Besides, FUCC violated the doctrine of judicial hierarchy in filing this petition for certiorari directly with this Court. Section 58 is clear that petitions for the issuance of a writ of certiorari against the decision of the head of the procuring agency, like PPMC, should be filed with the Regional Trial Court. Indeed, the jurisdiction of the RTC over petitions for certiorari is concurrent with this Court. However, such concurrence does not allow unrestricted freedom of choice of the court forum. A direct invocation of the Supreme Court's original jurisdiction to issue this writ should be allowed only when there are special and important reasons, clearly and specifically set out in the petition.15
In the present case, FUCC adduced no special and important reason why direct recourse to this Court should be allowed. Thus, we reaffirm the judicial policy that this Court will not entertain a direct invocation of its jurisdiction unless the redress desired cannot be obtained in the appropriate lower courts, and exceptional and compelling circumstances justify the resort to the extraordinary remedy of a writ of certiorari .
Similarly, the RTC is the proper venue to hear FUCC's prayer for permanent injunction. Unquestionably, RA No. 897516 enjoins all courts, except the Supreme Court, from issuing any temporary restraining order, preliminary injunction, or preliminary mandatory injunction against the government, or any of its subdivisions, officials or any person or entity to restrain, prohibit or compel the bidding or awarding of a contract or project of the national government. The proscription, however, covers only temporary restraining orders or writs but not decisions on the merits granting permanent injunction. Therefore, while courts below are prohibited by RA No. 8795 from issuing TROs or preliminary restraining orders pending the adjudication of the case, said statute, however, does not explicitly proscribe the issuance of a permanent injunction granted by a court of law arising from an adjudication of a case on the merits.17
As we explained in Alvarez v. PICOP Resources, Inc.:18
x x x Republic Act No. 8975 merely proscribes the issuance of temporary restraining orders and writs of preliminary injunction and preliminary mandatory injunction. [It] cannot, under pain of violating the Constitution, deprive the courts of authority to take cognizance of the issues raised in the principal action, as long as such action and the relief sought are within their jurisdiction.
Clearly, except for the prayer for the issuance of a TRO or preliminary injunction, the issues raised by FUCC and the relief it sought are within the jurisdiction of the RTC. It is a procedural faux pas for FUCC to invoke the original jurisdiction of this Court over the issuance of a writ of certiorari and permanent injunction.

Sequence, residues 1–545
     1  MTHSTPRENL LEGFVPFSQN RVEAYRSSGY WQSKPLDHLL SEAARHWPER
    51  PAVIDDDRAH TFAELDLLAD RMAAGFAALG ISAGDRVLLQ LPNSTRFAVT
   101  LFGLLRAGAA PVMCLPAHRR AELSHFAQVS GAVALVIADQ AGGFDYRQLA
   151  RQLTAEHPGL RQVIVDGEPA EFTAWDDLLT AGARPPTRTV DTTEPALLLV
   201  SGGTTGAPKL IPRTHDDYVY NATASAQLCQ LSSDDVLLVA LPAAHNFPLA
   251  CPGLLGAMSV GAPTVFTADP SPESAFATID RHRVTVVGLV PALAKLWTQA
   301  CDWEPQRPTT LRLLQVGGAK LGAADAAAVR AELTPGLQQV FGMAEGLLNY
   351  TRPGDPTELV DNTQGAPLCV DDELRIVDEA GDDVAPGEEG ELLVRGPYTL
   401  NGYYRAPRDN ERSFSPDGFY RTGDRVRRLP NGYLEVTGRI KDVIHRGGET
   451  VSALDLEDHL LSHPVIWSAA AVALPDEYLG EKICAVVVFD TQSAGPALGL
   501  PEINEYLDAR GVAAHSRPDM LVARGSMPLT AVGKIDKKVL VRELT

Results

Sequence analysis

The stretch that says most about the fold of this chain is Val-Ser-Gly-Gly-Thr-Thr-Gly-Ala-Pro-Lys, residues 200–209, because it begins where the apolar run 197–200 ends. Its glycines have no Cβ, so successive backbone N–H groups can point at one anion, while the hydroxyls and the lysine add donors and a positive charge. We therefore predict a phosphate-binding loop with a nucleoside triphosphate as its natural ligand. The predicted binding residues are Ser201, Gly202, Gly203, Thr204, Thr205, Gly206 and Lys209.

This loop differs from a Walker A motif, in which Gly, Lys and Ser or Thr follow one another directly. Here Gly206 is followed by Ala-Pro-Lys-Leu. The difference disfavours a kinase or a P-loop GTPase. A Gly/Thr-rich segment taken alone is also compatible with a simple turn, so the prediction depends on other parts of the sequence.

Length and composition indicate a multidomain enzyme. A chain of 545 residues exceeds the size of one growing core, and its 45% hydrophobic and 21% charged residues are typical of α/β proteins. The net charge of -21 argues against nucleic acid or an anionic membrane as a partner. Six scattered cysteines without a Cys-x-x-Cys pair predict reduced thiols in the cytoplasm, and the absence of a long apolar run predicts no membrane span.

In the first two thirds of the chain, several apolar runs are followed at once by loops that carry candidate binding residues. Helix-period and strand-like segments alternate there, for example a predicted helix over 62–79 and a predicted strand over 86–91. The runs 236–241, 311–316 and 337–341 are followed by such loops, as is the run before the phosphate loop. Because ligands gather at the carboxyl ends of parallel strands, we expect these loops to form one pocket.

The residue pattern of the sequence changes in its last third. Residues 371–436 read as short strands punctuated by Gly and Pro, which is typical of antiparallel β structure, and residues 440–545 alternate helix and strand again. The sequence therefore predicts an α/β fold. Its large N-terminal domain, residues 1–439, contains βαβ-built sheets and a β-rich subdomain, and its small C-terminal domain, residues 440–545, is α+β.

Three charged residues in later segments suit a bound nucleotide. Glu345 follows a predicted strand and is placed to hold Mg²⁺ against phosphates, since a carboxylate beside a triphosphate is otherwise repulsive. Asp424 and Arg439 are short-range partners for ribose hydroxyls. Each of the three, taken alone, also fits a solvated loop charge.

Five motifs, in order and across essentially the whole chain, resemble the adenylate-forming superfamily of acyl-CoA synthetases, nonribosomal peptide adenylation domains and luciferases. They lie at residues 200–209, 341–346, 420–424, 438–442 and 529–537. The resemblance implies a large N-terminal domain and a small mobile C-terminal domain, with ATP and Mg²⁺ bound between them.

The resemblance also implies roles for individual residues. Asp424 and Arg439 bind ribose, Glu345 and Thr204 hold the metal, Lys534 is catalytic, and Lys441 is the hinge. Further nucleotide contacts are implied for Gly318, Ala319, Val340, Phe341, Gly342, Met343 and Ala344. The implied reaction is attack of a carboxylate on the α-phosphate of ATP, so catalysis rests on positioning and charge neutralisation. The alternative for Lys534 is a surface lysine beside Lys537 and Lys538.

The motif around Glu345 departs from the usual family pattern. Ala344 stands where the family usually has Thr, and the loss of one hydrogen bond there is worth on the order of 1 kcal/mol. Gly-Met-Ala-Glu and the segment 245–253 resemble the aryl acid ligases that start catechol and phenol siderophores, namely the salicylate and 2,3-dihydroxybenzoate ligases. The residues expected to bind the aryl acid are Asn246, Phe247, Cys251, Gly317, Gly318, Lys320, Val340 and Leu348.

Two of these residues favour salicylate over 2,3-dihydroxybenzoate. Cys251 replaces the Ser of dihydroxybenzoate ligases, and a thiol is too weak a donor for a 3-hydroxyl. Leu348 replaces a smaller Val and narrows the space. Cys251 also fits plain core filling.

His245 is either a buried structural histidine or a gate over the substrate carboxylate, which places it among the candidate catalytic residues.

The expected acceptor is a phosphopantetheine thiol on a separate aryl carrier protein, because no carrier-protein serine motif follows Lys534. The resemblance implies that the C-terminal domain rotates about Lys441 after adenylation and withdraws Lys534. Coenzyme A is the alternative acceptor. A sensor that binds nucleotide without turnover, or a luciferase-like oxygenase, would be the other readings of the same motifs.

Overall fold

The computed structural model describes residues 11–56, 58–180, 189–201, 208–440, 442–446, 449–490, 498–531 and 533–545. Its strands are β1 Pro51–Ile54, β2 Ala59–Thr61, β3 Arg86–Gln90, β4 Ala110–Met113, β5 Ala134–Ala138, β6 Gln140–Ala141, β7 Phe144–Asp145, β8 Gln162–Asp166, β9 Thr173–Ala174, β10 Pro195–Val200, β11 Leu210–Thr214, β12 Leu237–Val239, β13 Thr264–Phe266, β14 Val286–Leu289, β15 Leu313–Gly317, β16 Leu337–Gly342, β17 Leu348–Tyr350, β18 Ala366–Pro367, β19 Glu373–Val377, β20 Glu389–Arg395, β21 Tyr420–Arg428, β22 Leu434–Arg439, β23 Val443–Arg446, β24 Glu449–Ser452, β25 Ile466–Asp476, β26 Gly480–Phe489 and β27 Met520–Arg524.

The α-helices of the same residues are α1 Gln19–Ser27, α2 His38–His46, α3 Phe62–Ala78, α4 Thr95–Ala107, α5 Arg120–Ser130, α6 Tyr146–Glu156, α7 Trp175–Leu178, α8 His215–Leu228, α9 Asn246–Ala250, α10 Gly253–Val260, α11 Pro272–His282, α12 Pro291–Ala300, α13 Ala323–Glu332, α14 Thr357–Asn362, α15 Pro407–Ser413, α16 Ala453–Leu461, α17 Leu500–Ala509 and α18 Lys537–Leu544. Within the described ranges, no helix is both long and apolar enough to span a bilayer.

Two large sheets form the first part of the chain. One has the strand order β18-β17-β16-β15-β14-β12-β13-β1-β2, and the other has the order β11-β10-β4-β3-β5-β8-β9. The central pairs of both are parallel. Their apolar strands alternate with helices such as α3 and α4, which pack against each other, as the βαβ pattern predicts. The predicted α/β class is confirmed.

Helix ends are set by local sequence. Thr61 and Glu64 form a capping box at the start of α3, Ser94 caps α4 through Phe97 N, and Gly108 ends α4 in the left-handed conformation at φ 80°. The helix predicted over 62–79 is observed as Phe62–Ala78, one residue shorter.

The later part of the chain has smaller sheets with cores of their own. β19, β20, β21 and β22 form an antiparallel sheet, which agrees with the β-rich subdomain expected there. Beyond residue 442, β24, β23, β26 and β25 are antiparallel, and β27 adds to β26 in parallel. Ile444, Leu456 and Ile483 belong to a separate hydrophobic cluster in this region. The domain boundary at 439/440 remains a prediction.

In any event, the invitation to bid contains a reservation for PPMC to reject any bid. It has been held that where the right to reject is so reserved, the lowest bid, or any bid for that matter, may be rejected on a mere technicality.19 The discretion to accept or reject bid and award contracts is vested in the government agencies entrusted with that function. This discretion is of such wide latitude that the Courts will not interfere therewith or direct the committee on bids to do a particular act or to enjoin such act within its prerogatives unless it is apparent that it is used as a shield to a fraudulent award;20 or an unfairness or injustice is shown;21 or when in the exercise of its authority, it gravely abuses or exceeds its jurisdiction. Thus, where PPMC as advertiser, availing itself of that right, opts to reject any or all bids, the losing bidder has no cause to complain or right to dispute that choice, unless fraudulent acts, injustice, unfairness or grave abuse of discretion is shown.
FUCC alleges that SBAC and PPMC, along with the SCCI and five (5) other bidders, colluded to rig the results of the re-bidding so that SCCI would emerge as the so-called lowest bidder. The record, however, is bereft of any proof to substantiate the allegation. Neither is there any evidence offered to establish unfairness, injustice, caprice or arbitrariness on the part of the SBAC or the PPMC in awarding the contract to SCCI, the lowest bidder. The presumption of regularity of the bidding must thus be upheld.
As we explained in JG Summit Holdings, Inc. v. Court of Appeals:22
The discretion to accept or reject a bid and award contracts is vested in the Government agencies entrusted with that function. The discretion given to the authorities on this matter is of such wide latitude that the Courts will not interfere therewith, unless it is apparent that it is used as a shield to a fraudulent award (Jalandoni v. NARRA, 108 Phil. 486 ). x x x The exercise of this discretion is a policy decision that necessitates prior inquiry, investigation, comparison, evaluation, and deliberation. This task can best be discharged by the Government agencies concerned, not by the Courts. The role of the Courts is to ascertain whether a branch or instrumentality of the Government has transgressed its constitutional boundaries. But the Courts will not interfere with executive or legislative discretion exercised within those boundaries. Otherwise, it strays into the realm of policy decision-making.